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Malcolm Margolin (Berkeley) collaborating with the Archaeological Research Facility at the University of California (Berkeley) with fiscal sponsor Richmond Museum of History (Richmond)

Award: $40,000 Literary Arts grant awarded in 2017

To be published: Late 2021

Writer Malcolm Margolin and the University of California, Berkeley’s (UC Berkeley’s) Archaeological Research Facility are collaborating to produce a book, exhibit materials, and related activities about the West Berkeley Shell Mound. With origins dated at 4,700 years before the present, this shell mound marked the location of what is generally considered the first permanent human settlement on the shores of the San Francisco Bay. Although it has long been destroyed, some 3,400 artifacts and records of archaeological investigations have accumulated in UC Berkeley’s storerooms and archives, inaccessible to the general public. This constitutes a loss for residents of the area, most egregiously for the native community.

Malcolm Margolin has written five books, introductions to scores of books, and numerous articles, interviews, reflections, and reportage, for which he has won many awards. His best known book, The Ohlone Way: Indian Life in the San Francisco/Monterey Bay Area has gone through nearly 20 printings. In 1974, he founded Heyday Books, a nonprofit publishing company, and in 1987 founded the quarterly magazine News from Native CaliforniaMargolin is respected by both the Indian community and archaeologists, and he will work with members of both groups on this project. Scholars of the Archaeological Research Facility and at the Phoebe Apperson Hearst Museum of Anthropology will contribute advice, instruction, and guidance, interpreting technical reports and working with the author to photograph and interpret the artifacts.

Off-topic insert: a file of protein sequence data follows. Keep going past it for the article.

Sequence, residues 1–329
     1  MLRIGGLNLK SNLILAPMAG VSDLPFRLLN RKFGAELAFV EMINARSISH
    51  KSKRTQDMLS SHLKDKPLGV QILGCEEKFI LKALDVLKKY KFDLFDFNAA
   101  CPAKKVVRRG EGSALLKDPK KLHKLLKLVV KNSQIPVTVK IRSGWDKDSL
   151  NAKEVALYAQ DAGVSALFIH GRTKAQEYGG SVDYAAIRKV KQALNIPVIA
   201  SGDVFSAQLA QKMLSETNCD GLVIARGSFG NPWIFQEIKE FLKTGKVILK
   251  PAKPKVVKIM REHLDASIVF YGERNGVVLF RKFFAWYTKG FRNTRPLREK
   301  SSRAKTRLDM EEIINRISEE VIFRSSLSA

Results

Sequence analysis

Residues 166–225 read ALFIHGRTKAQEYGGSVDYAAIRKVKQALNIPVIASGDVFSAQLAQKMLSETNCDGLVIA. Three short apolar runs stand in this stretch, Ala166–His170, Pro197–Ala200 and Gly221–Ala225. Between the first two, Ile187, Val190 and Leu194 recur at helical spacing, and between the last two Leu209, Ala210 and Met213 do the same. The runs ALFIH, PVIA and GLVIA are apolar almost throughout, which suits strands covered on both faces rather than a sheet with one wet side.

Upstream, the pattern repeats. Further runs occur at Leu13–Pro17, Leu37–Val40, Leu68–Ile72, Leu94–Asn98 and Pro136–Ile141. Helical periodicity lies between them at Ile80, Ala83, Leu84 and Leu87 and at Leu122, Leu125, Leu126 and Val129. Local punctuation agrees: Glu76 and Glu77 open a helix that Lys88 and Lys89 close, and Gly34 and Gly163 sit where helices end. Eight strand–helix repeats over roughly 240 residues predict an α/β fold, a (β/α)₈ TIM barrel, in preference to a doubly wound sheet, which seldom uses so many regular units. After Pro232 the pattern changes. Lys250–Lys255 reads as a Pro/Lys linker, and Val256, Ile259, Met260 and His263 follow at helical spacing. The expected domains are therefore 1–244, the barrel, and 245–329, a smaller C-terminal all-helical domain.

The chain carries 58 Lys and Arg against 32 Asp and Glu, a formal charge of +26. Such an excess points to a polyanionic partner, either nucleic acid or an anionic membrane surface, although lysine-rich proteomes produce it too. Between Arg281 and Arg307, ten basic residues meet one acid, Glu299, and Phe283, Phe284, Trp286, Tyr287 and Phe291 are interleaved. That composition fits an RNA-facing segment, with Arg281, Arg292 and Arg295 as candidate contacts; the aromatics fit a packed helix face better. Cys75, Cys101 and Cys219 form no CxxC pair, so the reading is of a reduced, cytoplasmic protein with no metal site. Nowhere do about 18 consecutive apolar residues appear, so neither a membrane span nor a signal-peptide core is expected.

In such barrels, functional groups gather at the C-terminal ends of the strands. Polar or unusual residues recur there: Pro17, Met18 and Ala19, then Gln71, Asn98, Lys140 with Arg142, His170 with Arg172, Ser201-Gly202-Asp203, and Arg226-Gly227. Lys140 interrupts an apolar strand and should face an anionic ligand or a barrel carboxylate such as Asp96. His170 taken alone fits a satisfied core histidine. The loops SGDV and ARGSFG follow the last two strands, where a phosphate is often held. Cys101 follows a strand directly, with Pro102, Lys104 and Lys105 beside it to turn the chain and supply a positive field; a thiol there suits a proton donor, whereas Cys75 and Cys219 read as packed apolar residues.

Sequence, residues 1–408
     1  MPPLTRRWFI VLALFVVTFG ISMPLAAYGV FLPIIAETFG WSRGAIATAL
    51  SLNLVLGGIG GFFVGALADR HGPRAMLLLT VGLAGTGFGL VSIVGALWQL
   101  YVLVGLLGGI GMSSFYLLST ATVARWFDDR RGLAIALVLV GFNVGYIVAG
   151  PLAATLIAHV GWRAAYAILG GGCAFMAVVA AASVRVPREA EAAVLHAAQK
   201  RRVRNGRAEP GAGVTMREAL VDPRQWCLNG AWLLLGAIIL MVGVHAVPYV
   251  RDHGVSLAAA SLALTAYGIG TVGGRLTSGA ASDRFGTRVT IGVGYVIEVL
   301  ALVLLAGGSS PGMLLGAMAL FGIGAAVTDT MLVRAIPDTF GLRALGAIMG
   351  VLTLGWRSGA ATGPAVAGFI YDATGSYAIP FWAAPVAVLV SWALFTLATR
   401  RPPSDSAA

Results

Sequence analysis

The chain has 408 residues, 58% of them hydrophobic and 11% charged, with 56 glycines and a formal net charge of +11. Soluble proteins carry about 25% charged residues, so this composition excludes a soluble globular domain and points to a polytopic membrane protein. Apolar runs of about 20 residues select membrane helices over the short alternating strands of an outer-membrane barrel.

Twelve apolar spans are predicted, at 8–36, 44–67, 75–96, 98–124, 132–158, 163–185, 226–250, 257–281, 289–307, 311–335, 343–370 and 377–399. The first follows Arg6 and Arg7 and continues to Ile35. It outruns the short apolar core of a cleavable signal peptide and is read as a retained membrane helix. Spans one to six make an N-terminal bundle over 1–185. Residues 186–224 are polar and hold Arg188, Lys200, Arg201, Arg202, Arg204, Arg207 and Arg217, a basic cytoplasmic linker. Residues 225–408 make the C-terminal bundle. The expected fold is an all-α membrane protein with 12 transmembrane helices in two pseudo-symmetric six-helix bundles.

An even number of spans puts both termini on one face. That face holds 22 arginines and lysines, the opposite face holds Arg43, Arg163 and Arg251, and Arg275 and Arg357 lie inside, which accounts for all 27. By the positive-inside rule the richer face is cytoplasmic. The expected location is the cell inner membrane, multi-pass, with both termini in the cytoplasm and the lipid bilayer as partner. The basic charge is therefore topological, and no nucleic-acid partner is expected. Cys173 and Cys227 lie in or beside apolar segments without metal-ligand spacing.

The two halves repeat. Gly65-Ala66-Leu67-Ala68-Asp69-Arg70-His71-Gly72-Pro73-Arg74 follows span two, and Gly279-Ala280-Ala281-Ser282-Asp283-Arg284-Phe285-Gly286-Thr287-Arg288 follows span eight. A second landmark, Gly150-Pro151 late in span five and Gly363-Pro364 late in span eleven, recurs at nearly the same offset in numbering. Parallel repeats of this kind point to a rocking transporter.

The book developed through this project will be published in late 2018; photographs of the artifacts will be incorporated into The Richmond Museum of History’s permanent exhibition on the shell mounds of the East Bay; and graphics, information, and perspectives gained by this project will enrich displays and interpretive efforts of the Phoebe Apperson Hearst Museum.